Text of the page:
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Proving TBI to cynical adjusters and in courtrooms

July 21, 2014 by Steven M. Gursten

Attorney Steve Gursten speaking on TBI at American Association for Justice Annual Convention in Baltimore

Attorney Steven Gursten

Next week, I’ll be speaking during the 2014 American Association for Justice Annual Convention in Baltimore. I will be speaking to the Motor Vehicle Section on the challenges attorneys face proving traumatic brain injury (TBI) to cynical insurance company claims adjusters and in courtrooms, and more importantly, how attorneys can overcome these challenges to recover fair legal compensation for their clients.

I often speak on traumatic brain injury (TBI), especially from car accidents. Ironically, when I speak to doctors and medical groups, my presentations often focus on the medicine and the evolving science behind this complicated injury, as well as understanding people with TBI.  I say ironically because I’m always amazed how many doctors have outdated notions they learned in medical school about what TBI really is, even when these notions are 30 and 40 years old and have long been disproved.

For lawyers and legal groups, my presentations on TBI often focus on why lawyers must fight for traumatic brain injury victims, and not turn their backs on these cases. Too many lawyers do this, because TBI cases are more difficult, and they’re harder and more expensive than most other types of personal injury. So for this year, my topic is teaching lawyers how to prove brain injury cases to adjusters and juries.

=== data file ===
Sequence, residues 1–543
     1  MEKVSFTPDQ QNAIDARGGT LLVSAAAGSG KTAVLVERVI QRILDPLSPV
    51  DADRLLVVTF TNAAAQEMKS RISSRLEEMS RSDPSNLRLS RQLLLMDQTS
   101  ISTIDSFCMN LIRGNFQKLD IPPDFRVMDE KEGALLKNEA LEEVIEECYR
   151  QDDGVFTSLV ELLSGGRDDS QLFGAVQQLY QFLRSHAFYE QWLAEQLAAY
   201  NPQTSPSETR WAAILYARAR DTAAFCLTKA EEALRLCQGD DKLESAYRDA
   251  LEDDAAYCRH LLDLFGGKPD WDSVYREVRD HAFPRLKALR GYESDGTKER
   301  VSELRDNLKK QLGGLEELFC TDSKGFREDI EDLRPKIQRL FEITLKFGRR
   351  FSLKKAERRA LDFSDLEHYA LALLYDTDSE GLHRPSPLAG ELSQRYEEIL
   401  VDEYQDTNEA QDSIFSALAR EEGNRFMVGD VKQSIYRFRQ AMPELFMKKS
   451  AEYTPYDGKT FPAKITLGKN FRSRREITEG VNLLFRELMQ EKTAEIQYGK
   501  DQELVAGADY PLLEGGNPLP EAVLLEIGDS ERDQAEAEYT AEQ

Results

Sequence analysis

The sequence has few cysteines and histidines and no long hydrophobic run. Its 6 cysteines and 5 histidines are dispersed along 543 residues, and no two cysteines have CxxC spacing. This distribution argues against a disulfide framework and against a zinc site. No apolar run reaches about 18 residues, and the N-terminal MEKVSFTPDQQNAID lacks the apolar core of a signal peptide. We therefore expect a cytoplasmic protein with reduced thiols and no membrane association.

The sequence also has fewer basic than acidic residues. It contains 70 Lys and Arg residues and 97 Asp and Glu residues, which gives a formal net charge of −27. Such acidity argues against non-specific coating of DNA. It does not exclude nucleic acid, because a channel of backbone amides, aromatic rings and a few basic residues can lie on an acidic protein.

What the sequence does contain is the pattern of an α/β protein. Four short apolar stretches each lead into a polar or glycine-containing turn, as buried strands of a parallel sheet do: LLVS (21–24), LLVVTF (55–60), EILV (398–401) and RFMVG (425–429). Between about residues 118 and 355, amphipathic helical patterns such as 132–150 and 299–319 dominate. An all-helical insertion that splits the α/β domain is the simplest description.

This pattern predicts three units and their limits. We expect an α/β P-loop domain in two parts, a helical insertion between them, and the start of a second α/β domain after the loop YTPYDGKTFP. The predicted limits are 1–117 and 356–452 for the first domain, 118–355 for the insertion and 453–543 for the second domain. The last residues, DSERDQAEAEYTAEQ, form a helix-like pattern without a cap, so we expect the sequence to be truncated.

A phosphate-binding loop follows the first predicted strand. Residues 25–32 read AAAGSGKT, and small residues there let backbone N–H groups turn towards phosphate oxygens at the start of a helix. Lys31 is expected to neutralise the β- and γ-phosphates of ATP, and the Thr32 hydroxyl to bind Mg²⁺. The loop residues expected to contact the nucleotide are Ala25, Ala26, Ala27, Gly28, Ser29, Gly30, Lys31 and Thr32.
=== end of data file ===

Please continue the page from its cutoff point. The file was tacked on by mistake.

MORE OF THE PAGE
Far too many good personal injury lawyers aren’t taking TBI cases anymore, because they think they’re too difficult to win.  I want to change this.  But first, lawyers have to better understand brain injury.   People with brain injury deserve help. They deserve our understanding. Often, they require our patience.  And they require that we work harder to better understand and stay current with the medicine and science. It’s important for us as attorneys to develop the critical litigation skills to represent TBI victims properly if we undertake these challenging but very rewarding cases. There are very few other cases where a lawyer can make such a big difference in a client’s life.

I look forward to sharing what I know about this important topic during the AAJ convention. The conference runs July 26-29 in Baltimore, Maryland, where accomplished trial lawyers and legal experts and jury consultants from around the country will discuss the latest developments in trial advocacy and in specialized areas of law like brain injury and trucking. There will be nearly 50 cutting-edge Continuing Legal Education (CLE) programs designed to help lawyers better represent injury victims.

American Association for Justice members can find more information and register here.

The American Association for Justice is the nation’s largest association of advocates serving the needs of personal injury victims, with more than 50,000 lawyer members. Michigan Auto Law has been a long-standing member, contributor and lecturer to the organization.

Related information:

VA recognizes TBI linked with Parkinson’s, dementia, depression

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